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Working around the Problem

This morning when I started my computer the first thing to pop up was an error message. I hate bugs, but I particularly hate those that always manage to crawl into my computer. Instead of tackling the to-do list I wrote out last night I was not forced to run anti-virus, anti-malware and other similar programs to try and locate (and terminate) the stupid bug.

The first few minutes I did what little research I could do without the use of my computer. I then tackled the one chore I can do when the rest of the house is asleep and I sorted my laundry basket so that I would be ready to run the first load when it was closer to time for the rest of the house to get up. There was not much left to do, so I thought about working on my own articles while I watched the programs run (even though I KNOW that slows the process down and puts me even further behind).

Word booted up just as I had my light bulb moment. “I have a laptop.” Laugh if you must, but the laptop is used in the other room so that more than one person can be working if necessary. The laptop also travels with me when I am forced away from my desk for prolonged period of times. It never dawned on me to move my keyboard and set the laptop on my desk, but that’s exactly what I did. Now my scans can take all the time that they need.

Even if I had not had the light bulb moment, I would have figured out some way to get work done while I was getting work (the scans) done.

Tips for Working when the Computer is Down

    1. Resort to the old fashioned way of writing. There was a time – not too long ago mind you – that most writers actually wrote on paper. The pad and pencil (or pen) is portable devices and you don’t even need a power source to use them (unless you count the coffee by which means most writers run).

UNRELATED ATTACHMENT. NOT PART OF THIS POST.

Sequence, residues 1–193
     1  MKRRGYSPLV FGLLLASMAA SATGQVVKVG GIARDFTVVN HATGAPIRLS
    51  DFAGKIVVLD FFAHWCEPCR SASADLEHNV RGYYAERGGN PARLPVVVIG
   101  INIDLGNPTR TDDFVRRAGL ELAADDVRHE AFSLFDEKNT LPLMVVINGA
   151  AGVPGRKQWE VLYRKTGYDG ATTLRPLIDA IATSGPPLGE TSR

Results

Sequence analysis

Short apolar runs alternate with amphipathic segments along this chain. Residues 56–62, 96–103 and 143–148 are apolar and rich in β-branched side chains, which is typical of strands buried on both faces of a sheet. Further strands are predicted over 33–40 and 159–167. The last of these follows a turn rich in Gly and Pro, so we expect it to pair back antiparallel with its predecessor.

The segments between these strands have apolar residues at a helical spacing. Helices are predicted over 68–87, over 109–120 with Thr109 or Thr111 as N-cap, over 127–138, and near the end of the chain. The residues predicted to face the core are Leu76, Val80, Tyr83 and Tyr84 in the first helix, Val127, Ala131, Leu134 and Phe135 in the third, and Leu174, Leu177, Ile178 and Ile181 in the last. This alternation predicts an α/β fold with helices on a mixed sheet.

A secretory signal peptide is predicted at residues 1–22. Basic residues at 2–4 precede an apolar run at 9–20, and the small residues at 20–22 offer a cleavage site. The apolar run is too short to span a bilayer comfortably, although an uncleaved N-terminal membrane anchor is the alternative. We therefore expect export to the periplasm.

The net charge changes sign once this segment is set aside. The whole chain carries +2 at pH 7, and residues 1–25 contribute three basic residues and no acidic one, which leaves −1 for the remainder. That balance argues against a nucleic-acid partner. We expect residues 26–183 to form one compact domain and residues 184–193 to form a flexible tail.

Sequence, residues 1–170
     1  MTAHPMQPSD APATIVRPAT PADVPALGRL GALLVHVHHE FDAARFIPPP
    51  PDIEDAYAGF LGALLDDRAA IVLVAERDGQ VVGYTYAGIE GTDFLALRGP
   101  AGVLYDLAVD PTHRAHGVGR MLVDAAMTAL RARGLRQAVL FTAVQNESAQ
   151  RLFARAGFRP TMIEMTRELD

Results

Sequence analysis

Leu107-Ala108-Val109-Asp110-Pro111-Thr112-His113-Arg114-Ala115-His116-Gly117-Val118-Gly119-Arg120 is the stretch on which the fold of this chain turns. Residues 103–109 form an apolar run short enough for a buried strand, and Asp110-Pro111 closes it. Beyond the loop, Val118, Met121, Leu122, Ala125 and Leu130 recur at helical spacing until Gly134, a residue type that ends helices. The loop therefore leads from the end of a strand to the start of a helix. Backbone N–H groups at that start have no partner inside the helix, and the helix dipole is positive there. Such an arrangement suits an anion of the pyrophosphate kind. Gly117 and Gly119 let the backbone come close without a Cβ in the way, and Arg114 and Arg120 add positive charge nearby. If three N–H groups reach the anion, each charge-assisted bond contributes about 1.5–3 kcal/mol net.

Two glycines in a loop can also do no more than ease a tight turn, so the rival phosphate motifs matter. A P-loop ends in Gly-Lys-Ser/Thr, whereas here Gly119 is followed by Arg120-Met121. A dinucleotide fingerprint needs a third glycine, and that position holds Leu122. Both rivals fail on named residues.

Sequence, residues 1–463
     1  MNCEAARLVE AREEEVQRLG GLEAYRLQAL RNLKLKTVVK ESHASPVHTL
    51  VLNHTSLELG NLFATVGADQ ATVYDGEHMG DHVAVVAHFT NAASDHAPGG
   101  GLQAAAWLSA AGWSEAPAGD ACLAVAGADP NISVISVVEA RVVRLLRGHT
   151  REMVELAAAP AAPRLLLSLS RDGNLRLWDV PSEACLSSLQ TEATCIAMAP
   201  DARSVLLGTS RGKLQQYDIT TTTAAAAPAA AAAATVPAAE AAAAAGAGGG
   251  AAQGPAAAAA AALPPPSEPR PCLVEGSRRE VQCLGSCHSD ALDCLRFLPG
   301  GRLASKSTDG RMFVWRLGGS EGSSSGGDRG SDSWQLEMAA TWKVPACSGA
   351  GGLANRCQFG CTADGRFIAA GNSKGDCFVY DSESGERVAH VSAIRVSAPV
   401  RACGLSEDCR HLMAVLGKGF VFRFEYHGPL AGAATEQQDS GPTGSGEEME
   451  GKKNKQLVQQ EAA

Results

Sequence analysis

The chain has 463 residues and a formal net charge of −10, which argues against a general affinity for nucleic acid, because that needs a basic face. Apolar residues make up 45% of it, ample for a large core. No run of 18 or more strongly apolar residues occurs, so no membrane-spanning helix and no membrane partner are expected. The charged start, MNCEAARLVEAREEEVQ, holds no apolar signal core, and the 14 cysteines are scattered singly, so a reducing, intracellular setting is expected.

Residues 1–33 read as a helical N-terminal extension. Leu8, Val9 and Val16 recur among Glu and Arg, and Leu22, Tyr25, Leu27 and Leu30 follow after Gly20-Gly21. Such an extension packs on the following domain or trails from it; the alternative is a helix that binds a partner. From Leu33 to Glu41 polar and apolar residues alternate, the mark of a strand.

2. Do the filing that you have been putting off for so long. I can’t be the only one that has a box of stored papers that need to be filed because I won’t take the time to actually file it.

    3. Go through those notes you have been meaning to review. It may not be on your to-do list for the day, but it probably should be.

    4. Skip the work for a moment and send a note or card to a friend or family member that you have been thinking about. At the moment the U.S. Mail is still running and most people are thrilled to get something other than junk mail in their boxes.

    5. Brainstorm ideas for new articles. Try to get a list of 20 or 30 article ideas or maybe 10 outlines so that when the computer is back in service you can query magazines with the ideas.

    6. Work on some queries. Leave the “to” information blank until you can get on the internet and find the right fit but come up with one or two brilliant queries that would knock the socks off any editor.

Down time does not have to be lost time if you get creative. Work on things that you have been putting off, make lists and brainstorm for the moment when you can get back to work or fall back to the old fashioned way of writing. Spend our time wisely even when you can’t spend it the way you prefer.

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One Comment

  1. I agree that downtime does not have to be lost time. I always have a back-up method for getting my writing done if I don’t internet connection as well. Sometimes, by using a different method, new ideas will come!

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